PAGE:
Iftars, Anthony Bourdain, Disability Terminology

Standing Up And Breaking Fast: Taking Ramadan Dinner Into The Streets, by Angelo Bautista of NPR

In Islam, iftars are daily celebrations during the month of Ramadan when friends and family come together to break fast, usually in a home or a mosque. In recent years, organizations like MPower Change, co-founded by prominent Muslim activist Linda Sarsour, have been holding iftars in highly public places, like the steps of the U.S. Supreme Court. The movement not only draws attention to issues Muslim Americans currently face, like immigrant and refugee justice, but it also exposes people who aren’t familiar with Islam to the religion’s celebrations and traditions, and invites them to join in. Sarsour expresses how powerful these “iftars in the street” can be for Muslim Americans: “Look at the faces of the people who are willing to stand with you: They’re Muslim, they’re Jewish, they’re atheist, they’re LGBTQ, they’re black, they’re brown, they’re undocumented and they’re also U.S. citizens. So that’s important for us.”

What Anthony Bourdain Meant to People of Color, by Joumana Khatib of The New York Times

In the wake of famed food critic Anthony Bourdain’s death, many people of color are expressing his importance to them. They say he differed from many other white food critics because of his genuine understanding and empathy for their cultures. While filming his show Parts Unknown, his depiction of Palestine was so moving that he was awarded the Voices of Courage and Conscience Media Award by the Muslim Public Affairs Council. When accepting the award, Bourdain said “It is a measure, I guess, of how twisted and shallow our depiction of the people is that these images come as a shock to so many.” Journalist Rania Abouzeid wrote that “he didn’t look down on foreign places he visited and their ‘quaintness/backwardness/insert-usual-derogatory adjective.” Jenny Yang, a comedian and writer, said that “Bourdain never treated our food like he ‘discovered’ it.” Shivana Sookdeo, who met Bourdain at a food festival a few years ago, described what it felt like to talk with him: “I felt I could trust him to see what I saw in Trinidad, as if the heart of the country would be safe in his hands as a person and traveler…You trusted him with Your Heritage.”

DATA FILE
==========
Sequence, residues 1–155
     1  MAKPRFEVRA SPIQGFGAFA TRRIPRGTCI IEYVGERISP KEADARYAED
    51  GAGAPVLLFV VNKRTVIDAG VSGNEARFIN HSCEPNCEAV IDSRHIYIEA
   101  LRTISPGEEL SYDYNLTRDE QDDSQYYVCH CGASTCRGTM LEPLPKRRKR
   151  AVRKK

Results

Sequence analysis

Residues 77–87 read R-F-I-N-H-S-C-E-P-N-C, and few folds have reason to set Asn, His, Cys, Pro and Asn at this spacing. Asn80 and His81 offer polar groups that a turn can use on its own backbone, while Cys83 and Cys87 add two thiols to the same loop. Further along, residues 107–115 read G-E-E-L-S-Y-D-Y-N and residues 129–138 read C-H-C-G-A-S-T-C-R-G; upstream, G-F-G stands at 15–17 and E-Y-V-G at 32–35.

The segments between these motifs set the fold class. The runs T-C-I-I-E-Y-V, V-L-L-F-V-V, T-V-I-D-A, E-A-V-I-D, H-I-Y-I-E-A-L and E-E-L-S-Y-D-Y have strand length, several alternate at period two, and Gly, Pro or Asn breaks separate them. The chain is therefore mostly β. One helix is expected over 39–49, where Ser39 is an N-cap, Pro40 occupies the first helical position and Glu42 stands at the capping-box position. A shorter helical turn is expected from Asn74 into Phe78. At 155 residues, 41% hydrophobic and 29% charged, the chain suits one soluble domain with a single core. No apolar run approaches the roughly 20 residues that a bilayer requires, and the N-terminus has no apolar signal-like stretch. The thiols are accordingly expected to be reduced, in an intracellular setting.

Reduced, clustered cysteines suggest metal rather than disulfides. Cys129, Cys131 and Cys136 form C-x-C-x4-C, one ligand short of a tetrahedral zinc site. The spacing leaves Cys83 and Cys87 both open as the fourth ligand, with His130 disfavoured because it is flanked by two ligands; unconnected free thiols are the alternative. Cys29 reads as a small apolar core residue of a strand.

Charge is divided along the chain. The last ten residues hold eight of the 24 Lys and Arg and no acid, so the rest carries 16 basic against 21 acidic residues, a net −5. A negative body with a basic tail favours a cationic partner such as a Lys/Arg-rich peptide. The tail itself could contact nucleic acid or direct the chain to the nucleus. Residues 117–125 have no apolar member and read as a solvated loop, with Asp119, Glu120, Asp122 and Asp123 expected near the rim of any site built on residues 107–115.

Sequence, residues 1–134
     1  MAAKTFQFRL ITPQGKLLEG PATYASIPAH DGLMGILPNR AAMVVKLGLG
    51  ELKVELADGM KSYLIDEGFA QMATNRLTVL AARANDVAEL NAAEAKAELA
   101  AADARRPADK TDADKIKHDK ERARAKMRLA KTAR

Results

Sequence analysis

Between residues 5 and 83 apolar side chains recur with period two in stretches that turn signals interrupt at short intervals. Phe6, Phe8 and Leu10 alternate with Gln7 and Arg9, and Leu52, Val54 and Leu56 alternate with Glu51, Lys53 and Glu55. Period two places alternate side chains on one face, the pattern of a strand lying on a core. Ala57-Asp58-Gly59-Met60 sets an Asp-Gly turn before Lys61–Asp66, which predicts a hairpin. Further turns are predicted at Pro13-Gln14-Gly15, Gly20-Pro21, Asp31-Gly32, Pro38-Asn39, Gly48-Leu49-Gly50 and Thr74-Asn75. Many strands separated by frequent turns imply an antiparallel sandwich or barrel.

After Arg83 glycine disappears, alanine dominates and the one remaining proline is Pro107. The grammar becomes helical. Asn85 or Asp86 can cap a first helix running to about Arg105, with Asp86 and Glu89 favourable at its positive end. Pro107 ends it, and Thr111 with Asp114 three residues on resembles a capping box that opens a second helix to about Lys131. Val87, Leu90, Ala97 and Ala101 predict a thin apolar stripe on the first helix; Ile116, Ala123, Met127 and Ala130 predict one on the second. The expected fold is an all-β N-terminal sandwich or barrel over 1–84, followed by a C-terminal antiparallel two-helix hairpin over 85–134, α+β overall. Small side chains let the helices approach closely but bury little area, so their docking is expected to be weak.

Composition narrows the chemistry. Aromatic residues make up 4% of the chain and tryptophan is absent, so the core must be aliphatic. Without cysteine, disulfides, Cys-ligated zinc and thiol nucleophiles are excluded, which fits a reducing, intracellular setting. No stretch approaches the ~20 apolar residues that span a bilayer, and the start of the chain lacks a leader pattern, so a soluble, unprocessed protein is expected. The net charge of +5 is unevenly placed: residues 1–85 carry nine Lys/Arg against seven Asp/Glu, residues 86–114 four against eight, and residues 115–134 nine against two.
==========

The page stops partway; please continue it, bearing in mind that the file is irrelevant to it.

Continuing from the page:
Why Can’t We All Get Along: Disagreement Within the Disability Community by s.e. smith of Catapult

While writer s.e. smith self-identifies as a disabled person as “an act of defiance and pride,” identity-first terminology doesn’t necessarily resonate with the disability community across the board. Others may self-identify as a “person with disabilities,” otherwise known as person-first terminology. smith explains that because “disability can take a myriad of forms,” it makes sense that “disabled people disagree with each other on things that, to the outside world, may seem straightforward, basic, obvious. What to call ourselves. The language we like to use. Our own personal political priorities. What it even means to be disabled.” While some may consider these disagreements to be a form of infighting, smith views it in a more positive light. By choosing to push past the discomfort of conflict and engage in this “intra-community discussion,” there’s greater opportunity for collective learning and growth. “This fixation on ‘getting along’ does not serve us,” smith asserts. “That strikes me as a poor world to live in, one in which I must condemn those who share my struggle for not acting, believing, thinking precisely as I do; where is the liberation in that?”

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